This is certainly an old paradigm, it is the paradigm of what is called the “revisionist” Left. The revisionist Left notes that we have not yet achieved capitalism in the Third World, therefore leftists must subordinate themselves to the national bourgeoisie and push for the proper development of capitalism—that is, a good, social democratic capitalism. It is a Left that, by pointing to the objective conditions of underdevelopment, calls for broad cooperation with “progressive” capitalists and for the most gradual of reform, instead of planning for revolution. This revisionist view, grounded as it is in an almost mechanically deterministic view, dismisses the contingency and motive force of class struggle, when organized and pointed by a revolutionary party and revolutionary mass movement. As Leon Trotsky has said, "Without a guiding organisation, the energy of the masses would dissipate like steam not enclosed in a piston-box. But nevertheless what moves things is not the piston or the box, but the steam." Dr. Eric dismisses the piston-box and the steam, the party and the masses: “A revolutionary party’ in Pakistan? … Are we serious?” he asks.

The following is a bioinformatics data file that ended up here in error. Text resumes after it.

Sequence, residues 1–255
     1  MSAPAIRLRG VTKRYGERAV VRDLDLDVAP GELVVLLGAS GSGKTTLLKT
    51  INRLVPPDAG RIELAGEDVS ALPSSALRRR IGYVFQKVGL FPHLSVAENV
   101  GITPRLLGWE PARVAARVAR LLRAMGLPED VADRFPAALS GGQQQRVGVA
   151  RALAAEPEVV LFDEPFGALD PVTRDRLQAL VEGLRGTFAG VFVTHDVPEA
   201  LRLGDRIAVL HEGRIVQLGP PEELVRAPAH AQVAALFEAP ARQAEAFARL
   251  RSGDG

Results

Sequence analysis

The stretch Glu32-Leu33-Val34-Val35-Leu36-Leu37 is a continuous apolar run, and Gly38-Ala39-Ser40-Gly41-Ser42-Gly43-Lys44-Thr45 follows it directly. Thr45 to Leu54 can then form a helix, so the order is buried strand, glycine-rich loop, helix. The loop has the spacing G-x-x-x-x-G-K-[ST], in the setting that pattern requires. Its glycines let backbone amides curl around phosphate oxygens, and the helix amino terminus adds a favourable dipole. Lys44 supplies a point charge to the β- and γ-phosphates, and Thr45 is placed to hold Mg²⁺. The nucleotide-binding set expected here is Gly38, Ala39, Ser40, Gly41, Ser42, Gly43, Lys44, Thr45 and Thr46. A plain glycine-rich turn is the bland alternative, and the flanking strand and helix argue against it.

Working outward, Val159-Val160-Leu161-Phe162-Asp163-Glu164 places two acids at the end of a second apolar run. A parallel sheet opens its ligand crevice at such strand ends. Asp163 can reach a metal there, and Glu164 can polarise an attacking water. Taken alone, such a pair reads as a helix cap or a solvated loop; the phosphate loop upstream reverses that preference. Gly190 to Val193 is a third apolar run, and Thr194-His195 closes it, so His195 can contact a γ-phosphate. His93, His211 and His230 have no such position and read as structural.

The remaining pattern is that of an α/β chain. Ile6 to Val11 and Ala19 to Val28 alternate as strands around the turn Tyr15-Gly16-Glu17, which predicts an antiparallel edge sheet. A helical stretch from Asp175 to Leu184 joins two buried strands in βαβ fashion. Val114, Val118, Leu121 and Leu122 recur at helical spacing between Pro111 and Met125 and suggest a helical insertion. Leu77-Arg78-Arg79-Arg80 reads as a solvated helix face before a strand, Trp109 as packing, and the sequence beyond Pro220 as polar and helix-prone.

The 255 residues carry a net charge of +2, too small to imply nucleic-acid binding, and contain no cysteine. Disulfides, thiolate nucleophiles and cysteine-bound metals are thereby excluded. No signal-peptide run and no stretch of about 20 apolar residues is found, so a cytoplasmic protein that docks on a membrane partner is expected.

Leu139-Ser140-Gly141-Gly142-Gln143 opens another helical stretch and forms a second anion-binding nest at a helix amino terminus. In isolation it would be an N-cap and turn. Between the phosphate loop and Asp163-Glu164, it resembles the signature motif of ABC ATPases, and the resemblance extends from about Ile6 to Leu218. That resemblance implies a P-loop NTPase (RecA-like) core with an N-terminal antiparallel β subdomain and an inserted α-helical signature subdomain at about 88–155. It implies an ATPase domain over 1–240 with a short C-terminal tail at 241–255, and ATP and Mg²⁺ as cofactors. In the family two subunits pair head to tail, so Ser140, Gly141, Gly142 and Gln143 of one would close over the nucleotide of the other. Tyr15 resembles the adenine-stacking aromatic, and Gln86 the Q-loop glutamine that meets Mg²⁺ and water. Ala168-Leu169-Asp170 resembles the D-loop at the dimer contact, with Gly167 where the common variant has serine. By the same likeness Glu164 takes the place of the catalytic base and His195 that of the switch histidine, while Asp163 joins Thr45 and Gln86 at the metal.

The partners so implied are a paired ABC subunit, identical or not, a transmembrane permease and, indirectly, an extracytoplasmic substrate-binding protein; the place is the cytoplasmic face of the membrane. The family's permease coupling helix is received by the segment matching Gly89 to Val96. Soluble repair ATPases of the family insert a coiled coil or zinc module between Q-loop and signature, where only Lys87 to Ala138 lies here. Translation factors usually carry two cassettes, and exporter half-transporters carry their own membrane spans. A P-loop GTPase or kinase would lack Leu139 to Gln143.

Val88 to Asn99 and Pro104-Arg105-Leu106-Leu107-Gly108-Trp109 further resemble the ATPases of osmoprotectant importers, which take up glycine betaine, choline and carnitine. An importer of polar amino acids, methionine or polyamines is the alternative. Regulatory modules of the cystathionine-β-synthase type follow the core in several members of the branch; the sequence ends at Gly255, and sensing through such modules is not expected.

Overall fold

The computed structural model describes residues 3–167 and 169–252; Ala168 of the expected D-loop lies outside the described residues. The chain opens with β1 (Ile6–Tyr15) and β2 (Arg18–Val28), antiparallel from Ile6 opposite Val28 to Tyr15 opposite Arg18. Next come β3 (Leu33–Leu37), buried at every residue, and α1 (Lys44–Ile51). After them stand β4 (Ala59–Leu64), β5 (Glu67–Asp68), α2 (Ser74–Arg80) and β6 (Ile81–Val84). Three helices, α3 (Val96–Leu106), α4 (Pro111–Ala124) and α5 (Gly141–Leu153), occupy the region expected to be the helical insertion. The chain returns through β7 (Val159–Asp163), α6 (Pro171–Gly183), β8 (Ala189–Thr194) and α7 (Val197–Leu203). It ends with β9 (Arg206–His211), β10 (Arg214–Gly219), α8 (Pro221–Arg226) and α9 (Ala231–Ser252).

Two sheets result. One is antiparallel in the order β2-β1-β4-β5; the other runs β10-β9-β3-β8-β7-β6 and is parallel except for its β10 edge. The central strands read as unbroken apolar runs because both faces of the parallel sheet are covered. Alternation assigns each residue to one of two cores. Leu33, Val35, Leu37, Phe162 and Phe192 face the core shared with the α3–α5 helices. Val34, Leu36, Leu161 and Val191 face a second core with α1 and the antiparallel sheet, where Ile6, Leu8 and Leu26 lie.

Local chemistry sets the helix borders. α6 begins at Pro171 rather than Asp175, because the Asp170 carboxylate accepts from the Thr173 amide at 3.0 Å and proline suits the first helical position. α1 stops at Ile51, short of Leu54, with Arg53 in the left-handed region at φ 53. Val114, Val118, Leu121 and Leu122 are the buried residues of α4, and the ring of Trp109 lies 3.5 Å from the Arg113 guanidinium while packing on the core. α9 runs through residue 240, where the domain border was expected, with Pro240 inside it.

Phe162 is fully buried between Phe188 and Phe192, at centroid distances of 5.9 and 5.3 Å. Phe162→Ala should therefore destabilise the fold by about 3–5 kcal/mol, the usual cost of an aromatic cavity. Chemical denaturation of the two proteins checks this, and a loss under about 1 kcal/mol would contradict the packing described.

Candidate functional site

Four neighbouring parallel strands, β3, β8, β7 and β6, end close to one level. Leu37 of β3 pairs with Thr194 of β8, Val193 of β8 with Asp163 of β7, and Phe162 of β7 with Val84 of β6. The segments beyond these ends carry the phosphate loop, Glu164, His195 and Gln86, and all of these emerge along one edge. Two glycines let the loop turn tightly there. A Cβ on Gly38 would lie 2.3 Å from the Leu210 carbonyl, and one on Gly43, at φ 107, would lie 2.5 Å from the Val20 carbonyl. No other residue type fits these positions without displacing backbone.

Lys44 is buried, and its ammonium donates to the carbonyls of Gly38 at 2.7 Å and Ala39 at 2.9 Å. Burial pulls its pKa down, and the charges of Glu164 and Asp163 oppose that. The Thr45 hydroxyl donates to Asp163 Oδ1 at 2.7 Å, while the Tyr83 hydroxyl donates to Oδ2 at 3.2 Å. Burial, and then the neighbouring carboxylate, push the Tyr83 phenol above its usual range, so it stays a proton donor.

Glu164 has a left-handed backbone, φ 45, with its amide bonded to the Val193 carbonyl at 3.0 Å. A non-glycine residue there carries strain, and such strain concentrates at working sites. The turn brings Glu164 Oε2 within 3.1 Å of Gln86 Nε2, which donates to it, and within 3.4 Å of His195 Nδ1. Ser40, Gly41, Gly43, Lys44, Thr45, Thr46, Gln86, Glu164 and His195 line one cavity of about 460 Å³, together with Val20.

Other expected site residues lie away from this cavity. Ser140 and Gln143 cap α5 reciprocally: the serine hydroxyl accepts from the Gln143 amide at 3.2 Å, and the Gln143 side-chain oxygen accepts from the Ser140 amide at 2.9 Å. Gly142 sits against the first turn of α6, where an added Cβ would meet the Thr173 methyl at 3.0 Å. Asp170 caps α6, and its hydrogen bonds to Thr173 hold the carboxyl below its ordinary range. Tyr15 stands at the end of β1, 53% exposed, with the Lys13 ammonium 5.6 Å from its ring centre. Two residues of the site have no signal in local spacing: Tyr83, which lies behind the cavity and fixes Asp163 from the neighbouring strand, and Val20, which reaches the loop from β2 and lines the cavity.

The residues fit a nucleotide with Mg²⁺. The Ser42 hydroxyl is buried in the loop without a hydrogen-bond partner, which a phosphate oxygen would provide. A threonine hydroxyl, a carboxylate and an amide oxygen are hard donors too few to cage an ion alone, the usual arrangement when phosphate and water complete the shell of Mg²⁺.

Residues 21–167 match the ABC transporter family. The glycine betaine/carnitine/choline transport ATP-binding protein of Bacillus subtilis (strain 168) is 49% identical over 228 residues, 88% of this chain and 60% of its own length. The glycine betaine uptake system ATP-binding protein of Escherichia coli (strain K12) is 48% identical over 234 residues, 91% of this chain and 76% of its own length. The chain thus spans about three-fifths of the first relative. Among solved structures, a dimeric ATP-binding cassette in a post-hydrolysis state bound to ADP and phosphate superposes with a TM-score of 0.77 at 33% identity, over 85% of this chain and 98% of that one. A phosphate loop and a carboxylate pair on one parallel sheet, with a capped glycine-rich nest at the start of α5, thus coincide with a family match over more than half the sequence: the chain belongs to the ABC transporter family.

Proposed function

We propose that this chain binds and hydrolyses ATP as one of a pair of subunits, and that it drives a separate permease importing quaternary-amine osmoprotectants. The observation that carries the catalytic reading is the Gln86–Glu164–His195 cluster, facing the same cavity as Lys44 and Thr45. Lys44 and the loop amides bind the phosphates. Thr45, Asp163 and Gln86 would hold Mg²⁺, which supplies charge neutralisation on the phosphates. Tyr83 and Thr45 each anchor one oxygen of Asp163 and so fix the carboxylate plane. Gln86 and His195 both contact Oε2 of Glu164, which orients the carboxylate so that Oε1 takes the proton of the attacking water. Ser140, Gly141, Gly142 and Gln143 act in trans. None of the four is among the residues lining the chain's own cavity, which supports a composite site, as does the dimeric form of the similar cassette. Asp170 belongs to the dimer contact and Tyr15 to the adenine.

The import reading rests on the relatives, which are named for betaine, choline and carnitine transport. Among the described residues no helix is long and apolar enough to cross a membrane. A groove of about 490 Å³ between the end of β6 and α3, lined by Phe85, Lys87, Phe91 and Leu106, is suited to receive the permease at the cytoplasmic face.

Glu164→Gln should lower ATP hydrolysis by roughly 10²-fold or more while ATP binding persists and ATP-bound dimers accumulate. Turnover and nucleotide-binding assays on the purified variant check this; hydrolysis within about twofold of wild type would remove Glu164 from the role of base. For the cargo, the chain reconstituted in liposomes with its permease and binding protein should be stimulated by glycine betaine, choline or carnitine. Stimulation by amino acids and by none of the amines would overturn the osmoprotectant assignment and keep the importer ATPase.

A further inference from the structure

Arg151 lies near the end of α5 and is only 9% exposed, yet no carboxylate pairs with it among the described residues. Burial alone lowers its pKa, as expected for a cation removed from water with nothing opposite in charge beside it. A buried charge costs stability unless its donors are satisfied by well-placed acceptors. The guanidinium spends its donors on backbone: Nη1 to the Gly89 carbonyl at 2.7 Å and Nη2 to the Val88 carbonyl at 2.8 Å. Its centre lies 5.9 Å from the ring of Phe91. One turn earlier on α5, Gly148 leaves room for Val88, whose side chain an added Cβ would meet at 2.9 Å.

I join with Ammar to respond that, yes, we are and must be serious about revolutionary politics. A Left party focused on revolution is absolutely the need of the hour. It is the only realistic way forward, if the goal is broad-based development and people’s empowerment.
Understanding the nature of politics in Pakistan
As Ammar notes, it is clear that the ruling classes of Pakistan, be they military-capitalists, industrial, agrarian or finance capitalists, or just plain old landlords, have no interest in radically reforming the structure of Pakistan’s political economy. At best, certain sections of the petty bourgeoisie and bourgeoisie would like more tariffs or less tariffs to serve their particular sectional needs. The question of a popular, country-wide project of development does not arise.